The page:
Saturday, January 08, 2022

Fuel Related: Cessna 150M, N45069; accident occurred January 03, 2020 near Twentynine Palms Airport (KTNP), San Bernardino County, California

Aviation Accident Final Report - National Transportation Safety Board 

The National Transportation Safety Board did not travel to the scene of this accident. 

Additional Participating Entity:
Federal Aviation Administration / Flight Standards District Office; Riverside, California

Investigation Docket - National Transportation Safety Board:

Location: Twentynine Palms, California
Accident Number: WPR20CA060
Date and Time: January 3, 2020, 20:00 Local
Registration: N45069
Aircraft: Cessna 150
Aircraft Damage: Substantial
Defining Event: Fuel related
Injuries: 1 None
Flight Conducted Under: Part 91: General aviation - Personal


The pilot reported that, upon arrival at the airport after dark, he attempted to activate the pilot-controlled lights by keying the mike seven times. Shortly later, he repeated the process twice, but the runway lights did not turn on. He circled the area to try to locate the airport but was unsuccessful. The airplane was now low on fuel, so the pilot began looking for a place to make a precautionary landing. He landed the airplane on a dirt road, and during the landing rollout, the nose landing gear separated, and the left wing was substantially damaged. The pilot reported that there were no preaccident mechanical malfunctions or failures with the airplane that would have precluded normal operation.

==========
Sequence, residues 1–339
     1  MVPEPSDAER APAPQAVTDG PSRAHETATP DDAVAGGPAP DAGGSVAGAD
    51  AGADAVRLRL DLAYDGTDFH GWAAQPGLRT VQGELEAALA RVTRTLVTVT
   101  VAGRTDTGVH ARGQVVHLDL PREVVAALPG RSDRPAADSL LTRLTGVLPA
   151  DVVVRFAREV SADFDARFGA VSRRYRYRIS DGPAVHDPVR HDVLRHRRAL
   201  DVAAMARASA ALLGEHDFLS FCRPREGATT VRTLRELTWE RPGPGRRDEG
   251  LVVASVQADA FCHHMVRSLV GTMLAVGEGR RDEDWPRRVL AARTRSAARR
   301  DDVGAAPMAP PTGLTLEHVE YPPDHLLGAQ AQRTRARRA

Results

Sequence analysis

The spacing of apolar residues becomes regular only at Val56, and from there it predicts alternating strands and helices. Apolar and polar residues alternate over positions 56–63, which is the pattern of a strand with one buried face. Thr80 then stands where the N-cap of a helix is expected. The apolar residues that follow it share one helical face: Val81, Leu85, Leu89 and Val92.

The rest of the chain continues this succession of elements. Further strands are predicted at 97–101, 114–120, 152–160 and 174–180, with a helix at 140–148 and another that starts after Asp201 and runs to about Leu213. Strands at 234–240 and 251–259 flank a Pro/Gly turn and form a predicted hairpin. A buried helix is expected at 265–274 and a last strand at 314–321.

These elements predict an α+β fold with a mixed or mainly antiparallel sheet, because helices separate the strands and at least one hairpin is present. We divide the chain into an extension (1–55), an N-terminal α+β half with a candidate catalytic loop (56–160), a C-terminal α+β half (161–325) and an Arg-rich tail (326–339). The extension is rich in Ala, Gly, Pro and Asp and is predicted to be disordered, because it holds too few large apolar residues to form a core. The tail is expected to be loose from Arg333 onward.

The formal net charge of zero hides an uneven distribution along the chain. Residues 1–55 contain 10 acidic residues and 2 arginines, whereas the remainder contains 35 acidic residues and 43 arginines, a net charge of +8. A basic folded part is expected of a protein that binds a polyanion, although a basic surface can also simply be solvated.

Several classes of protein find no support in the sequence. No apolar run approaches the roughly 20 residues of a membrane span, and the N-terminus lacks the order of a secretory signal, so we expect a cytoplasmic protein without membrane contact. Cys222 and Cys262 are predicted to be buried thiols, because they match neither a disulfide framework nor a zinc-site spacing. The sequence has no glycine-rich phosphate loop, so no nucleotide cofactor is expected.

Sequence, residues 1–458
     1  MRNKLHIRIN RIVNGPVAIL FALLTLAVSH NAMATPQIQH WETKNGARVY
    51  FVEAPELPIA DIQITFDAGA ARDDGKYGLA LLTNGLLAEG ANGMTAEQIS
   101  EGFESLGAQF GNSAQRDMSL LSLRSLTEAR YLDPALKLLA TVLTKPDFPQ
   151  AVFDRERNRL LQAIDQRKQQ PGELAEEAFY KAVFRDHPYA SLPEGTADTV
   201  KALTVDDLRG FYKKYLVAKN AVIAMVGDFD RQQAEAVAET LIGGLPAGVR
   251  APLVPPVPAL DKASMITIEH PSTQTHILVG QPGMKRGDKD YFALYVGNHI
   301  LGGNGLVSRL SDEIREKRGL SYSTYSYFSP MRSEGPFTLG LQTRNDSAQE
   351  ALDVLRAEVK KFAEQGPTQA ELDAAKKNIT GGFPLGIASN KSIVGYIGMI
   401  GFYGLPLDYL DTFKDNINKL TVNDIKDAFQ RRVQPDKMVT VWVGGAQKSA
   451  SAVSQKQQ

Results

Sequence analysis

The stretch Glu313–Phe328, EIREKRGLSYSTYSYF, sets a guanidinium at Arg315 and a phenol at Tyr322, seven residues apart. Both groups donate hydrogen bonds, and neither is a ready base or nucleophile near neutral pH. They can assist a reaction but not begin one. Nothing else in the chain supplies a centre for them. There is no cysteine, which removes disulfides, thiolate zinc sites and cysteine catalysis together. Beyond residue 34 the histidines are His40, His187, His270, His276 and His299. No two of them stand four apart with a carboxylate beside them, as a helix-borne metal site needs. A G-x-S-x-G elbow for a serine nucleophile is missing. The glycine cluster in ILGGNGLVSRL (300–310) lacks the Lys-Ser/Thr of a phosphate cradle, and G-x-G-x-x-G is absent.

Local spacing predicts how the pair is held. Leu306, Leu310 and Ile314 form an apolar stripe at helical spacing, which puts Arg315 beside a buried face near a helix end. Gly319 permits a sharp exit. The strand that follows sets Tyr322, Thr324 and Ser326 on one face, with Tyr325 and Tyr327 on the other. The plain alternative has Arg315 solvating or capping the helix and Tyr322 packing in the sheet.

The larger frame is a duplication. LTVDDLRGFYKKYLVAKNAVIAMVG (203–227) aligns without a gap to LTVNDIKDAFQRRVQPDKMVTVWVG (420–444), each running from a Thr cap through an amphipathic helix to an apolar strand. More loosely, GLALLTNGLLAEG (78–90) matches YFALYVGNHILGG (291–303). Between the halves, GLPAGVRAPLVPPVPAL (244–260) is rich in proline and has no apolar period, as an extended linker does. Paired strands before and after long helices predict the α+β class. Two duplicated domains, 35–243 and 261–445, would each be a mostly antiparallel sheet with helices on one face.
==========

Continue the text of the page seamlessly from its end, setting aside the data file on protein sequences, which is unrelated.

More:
The Federal Aviation Administration Airport Facility Directory noted that medium-intensity runway lights were available at the airport. To activate the pilot-controlled lighting, the pilot must key the mike five times in 5 seconds. The pilot reported that he did not check what the proper procedures were for operating the pilot-controlled lighting for the runway. Airport personnel checked the pilot-controlled lighting system the day after the accident and reported that there were no malfunctions with the system.

Probable Cause and Findings

The National Transportation Safety Board determines the probable cause(s) of this accident to be:
The pilot's poor preflight planning, during which he failed to verify the proper procedure to activate the runway lights; his inability to locate the airport without lighting; and the airplane's subsequent low-fuel state as he circled looking for the airport, which necessitated a precautionary off-airport landing, during which the nose landing gear separated.


Personnel issues Flight planning/navigation - Pilot
Environmental issues Dark - Effect on personnel
Aircraft Fuel - Fluid level
Personnel issues Use of policy/procedure - Pilot

Factual Information

History of Flight

Landing Fuel related (Defining event)